How can you rewrite the function as a power series?
f(x) = x/ (1 + 2x^2)
I know I have to take out the x so x ( 1 / (1 + 2x^2)
however I'm stuck afterwards

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- anonymous

- schrodinger

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- Jhannybean

- anonymous

\[\frac{1}{1-x}=1+x+x^2+x^3+...\]
\[\frac{1}{1+x}=1-x+x^2-x^3+...\]
\[\frac{1}{1+2x^2}=1-2x^2+(2x^2)^2-(2x^2)^3+...\]

- anonymous

So would I write the sum as \[\sum_{n=1}^{\infty} (-1)^{n} (x)^{2n+1}\]

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## More answers

- anonymous

you need a 2 inside the parentheses

- anonymous

Oh yeah my bad. But how can I find the radius of convergence if I can't use the ratio test afterwards? I mean there's no division going on. Only thing I can think of is the root test but its negative, so the root test won't work perfectly.

- anonymous

I thought power series was just sum x^n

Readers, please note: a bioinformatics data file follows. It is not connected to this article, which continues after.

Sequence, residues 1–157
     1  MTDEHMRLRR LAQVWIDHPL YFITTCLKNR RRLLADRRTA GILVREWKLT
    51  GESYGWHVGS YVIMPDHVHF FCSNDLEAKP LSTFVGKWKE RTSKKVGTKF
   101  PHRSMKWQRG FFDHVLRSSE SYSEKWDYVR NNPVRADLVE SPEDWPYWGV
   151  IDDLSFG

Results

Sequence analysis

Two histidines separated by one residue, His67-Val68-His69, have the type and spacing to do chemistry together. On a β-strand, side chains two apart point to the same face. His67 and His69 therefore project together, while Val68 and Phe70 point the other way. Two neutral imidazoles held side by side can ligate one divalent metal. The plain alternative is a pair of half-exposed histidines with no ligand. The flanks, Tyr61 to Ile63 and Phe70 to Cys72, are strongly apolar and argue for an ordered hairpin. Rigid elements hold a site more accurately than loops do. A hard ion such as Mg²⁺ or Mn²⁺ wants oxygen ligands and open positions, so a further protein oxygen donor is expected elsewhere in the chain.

- anonymous

well the representation

- anonymous

Well I took the x and added it to the 2x^(2n+1) because the x was "outside" of the sum. So i just added it and thats what I did. I don't feel like writting the equation. I don't know if you follow what I'm saying.It was my guess really.

- anonymous

converges if \(|2x|<1\) i.e if \(|x|<\frac{1}{2}\)

- anonymous

Ah So i just take it right away. Makes sense. Thanks a lot^^

- anonymous

also you should start your summation at \(n=0\) i think

- anonymous

to be more precise i guess if converges if \(|2x^2|<1\) but same answer

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